What Is Iidabashi Literary Club?

Our group has its origins in a series of informal gatherings of individuals working with literature in one way or another. Although we were ‘contemporaries’ with an interest in each other’s work, we only really got to talk to each other once every few years at symposiums or dialogues for literary magazines. Writing is by nature a solitary pursuit, reading a private pleasure. But discussing books with others is also one of the great joys of literature. At our gatherings we talked about both our individual work and literary works of all ages and cultures.

Our group grew over time to include not just writers and critics, but also individuals involved in introducing contemporary Japanese literature to English, French, Arabic and other foreign readerships. And the place where we usually gathered happened to be in the Iidabashi area, so that’s how we got our name.

Every age and place has had its range of literary gatherings. Our group does not subscribe to any common philosophy or approach to literature. If we share anything, it’s the simple desire to be inspired by the work of other individuals. And our hope is that this diversity will help us give birth to something truly unique.

We created this website in the hope of opening up the dialogue to as many people as possible. To that end, we hope to share content, where possible, not only in Japanese, but also in English and other languages. We will continue building on the content―stories, essays, news, readings, dialogues, guest features, and newsletters―made available on this site, as well as organizing events where people can come together to meet and discuss various issues in person. We hope that you will join us in turning this into a lively space for literary exchange.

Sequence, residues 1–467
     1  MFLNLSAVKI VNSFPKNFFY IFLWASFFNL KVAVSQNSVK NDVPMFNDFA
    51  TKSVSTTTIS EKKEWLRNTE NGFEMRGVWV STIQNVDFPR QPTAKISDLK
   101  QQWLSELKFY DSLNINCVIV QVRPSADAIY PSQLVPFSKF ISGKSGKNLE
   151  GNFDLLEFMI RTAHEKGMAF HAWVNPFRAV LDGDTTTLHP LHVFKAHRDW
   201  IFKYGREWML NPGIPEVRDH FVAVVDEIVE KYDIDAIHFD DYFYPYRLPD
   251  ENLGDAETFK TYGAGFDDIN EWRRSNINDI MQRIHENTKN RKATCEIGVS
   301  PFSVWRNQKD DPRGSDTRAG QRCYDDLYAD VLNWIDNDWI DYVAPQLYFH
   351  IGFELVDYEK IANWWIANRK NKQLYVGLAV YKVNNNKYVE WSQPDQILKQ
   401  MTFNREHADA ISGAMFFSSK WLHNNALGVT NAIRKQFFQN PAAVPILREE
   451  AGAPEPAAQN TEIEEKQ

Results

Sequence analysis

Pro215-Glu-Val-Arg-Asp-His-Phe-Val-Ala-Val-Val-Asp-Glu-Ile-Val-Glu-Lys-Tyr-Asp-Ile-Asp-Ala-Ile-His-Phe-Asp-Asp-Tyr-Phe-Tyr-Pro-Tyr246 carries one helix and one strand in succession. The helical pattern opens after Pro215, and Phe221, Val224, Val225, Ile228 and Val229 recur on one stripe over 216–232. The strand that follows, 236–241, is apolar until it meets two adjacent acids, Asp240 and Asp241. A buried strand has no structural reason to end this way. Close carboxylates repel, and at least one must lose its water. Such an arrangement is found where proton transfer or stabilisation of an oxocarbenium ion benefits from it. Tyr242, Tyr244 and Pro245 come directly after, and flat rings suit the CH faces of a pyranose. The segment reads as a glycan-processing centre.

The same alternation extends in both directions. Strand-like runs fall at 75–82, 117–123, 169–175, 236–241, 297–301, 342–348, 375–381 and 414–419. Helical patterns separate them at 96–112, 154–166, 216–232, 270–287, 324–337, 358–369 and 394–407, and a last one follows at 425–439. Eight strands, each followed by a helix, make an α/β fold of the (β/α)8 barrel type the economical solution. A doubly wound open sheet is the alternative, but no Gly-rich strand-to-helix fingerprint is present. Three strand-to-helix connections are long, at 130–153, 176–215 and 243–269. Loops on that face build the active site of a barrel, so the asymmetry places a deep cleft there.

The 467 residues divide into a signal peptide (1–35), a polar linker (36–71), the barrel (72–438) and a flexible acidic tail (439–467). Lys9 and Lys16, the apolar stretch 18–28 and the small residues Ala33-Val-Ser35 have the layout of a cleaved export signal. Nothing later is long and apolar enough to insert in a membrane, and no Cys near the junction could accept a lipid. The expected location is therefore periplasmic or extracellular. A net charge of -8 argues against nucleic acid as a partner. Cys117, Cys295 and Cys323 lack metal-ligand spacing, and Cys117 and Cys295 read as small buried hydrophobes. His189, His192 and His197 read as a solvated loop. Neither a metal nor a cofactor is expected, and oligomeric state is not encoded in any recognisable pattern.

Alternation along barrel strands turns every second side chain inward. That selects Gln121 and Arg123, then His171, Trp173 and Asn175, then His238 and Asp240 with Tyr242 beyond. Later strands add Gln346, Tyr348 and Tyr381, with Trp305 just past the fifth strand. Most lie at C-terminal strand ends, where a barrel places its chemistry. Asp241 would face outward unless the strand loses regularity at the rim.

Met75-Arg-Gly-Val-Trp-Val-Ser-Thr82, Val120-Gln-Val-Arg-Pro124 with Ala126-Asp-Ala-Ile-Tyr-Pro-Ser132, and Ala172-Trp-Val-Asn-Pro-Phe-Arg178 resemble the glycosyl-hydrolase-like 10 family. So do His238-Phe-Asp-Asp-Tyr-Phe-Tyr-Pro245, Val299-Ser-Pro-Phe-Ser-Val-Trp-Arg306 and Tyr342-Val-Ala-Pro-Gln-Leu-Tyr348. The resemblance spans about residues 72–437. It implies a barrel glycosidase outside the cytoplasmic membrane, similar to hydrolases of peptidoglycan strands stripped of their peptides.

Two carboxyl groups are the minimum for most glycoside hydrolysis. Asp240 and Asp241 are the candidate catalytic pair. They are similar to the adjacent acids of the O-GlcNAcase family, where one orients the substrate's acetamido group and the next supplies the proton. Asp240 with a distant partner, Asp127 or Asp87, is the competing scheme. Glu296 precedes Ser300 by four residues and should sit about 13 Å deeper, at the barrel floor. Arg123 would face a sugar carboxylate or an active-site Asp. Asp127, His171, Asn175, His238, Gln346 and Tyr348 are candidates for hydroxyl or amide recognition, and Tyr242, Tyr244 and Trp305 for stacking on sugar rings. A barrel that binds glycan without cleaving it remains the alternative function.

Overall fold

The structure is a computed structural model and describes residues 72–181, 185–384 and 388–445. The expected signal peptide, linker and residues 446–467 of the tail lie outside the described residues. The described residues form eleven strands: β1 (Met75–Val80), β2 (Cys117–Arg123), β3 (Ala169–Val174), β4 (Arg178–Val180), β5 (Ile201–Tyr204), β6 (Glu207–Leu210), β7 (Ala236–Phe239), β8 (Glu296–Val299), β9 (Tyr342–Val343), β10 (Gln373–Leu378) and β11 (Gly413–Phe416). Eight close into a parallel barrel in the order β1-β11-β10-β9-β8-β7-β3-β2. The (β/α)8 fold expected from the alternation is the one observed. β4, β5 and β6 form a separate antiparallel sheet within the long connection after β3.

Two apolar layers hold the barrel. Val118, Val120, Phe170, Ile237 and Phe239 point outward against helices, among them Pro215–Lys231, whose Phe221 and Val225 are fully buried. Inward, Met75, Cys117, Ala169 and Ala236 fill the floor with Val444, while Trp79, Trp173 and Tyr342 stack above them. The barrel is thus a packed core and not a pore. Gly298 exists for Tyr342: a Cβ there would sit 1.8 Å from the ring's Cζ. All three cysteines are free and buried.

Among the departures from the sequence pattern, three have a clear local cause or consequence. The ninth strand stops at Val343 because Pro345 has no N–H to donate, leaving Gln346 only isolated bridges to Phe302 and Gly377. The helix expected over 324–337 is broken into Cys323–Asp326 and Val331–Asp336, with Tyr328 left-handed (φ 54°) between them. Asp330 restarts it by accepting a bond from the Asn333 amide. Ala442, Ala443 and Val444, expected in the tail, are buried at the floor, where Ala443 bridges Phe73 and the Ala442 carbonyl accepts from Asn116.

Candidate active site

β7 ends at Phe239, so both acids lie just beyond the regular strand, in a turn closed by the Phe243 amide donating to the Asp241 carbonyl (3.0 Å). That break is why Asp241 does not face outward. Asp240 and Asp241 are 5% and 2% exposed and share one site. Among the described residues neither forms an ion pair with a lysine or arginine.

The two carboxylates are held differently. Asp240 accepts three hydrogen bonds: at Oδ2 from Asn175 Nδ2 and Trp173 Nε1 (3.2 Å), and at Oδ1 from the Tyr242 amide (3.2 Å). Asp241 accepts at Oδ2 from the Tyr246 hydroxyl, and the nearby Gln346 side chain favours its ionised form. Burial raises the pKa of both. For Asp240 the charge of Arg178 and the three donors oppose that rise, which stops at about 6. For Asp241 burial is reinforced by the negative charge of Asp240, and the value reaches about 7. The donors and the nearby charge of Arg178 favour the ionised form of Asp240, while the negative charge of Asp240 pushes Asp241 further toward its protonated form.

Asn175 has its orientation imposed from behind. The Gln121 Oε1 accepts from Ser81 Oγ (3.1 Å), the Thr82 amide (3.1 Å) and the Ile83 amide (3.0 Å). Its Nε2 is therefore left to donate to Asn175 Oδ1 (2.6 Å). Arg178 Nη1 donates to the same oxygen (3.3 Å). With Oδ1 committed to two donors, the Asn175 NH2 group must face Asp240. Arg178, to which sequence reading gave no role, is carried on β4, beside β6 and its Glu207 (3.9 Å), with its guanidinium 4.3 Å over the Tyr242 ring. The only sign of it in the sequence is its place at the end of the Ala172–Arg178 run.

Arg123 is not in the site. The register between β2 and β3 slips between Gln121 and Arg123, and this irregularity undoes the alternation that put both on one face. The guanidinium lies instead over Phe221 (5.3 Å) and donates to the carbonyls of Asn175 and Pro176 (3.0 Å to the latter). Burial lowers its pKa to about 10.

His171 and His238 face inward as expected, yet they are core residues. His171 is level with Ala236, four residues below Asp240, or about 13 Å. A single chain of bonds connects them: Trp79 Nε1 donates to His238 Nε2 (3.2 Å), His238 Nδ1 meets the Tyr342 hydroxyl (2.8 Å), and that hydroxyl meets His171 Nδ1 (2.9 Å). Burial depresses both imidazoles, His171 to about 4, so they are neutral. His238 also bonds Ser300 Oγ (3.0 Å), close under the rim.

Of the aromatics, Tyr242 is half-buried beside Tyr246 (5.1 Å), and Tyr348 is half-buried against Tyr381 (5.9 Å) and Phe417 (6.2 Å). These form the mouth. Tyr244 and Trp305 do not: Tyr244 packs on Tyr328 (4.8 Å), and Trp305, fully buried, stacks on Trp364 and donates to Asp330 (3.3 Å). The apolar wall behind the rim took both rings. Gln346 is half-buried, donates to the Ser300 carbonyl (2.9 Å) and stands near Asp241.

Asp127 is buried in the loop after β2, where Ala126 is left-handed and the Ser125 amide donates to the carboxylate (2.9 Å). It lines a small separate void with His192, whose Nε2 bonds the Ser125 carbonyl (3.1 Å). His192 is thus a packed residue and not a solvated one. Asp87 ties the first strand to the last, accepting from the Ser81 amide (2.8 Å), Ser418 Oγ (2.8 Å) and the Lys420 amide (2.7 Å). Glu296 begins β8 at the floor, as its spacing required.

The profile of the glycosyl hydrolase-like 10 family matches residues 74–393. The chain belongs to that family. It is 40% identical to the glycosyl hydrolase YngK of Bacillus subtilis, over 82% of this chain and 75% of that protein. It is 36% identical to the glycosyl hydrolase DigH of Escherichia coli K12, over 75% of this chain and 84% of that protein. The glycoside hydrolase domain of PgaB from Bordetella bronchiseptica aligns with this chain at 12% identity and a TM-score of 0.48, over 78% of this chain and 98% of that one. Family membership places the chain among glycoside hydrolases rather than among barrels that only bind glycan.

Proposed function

Masahiko ABE

Masahiko ABE (1966-) is an Associate Professor in English at the University of Tokyo. His primary research area is modern poetry, both British and American, but his interests also cover fiction, including works written in Japanese. His publications include Modernity and the Strategy of Boredom -- Oe, Stevens and Avant-garde (2001), Improvisation and Literature (2004), An Introduction to Poetry in English (2007), On Slowmotion (2009), How English Works (2010), Understanding Japanese Fiction: Some Notes and Insights (2012), 'Staring' and Literature (2012). While contributing regularly to 'The Rising Generation on the Web' (http://www.kenkyusha.co.jp/modules/03_webeigo/) and the book review site of Kinokuniya book store (http://booklog.kinokuniya.co.jp/), he is now working on topics such as 'politeness,' 'ethics of stomach problems,' 'the culture of warming-up' ...etc. He is also a translator of Frank O'Connor's short stories. He won Waseda Literary Award in 1998.

Maisara AFIFI

Maisara AFIFI is an Arabian interpreter and translator. Born in Cairo, Egypt in 1971, he graduated from Geophysics Department of Cairo University. He studied Japanese at the Japanese embassy in Egypt and came to Japan for study in 1996. Since 1999, he has been working as a freelance translator. His translated a wide range of Japanese books, such as L'Eclipse by Keiichiro Hirano, The Priest of Shiga Temple and His Love, works by Naoki Komuro.

Jungo AOKI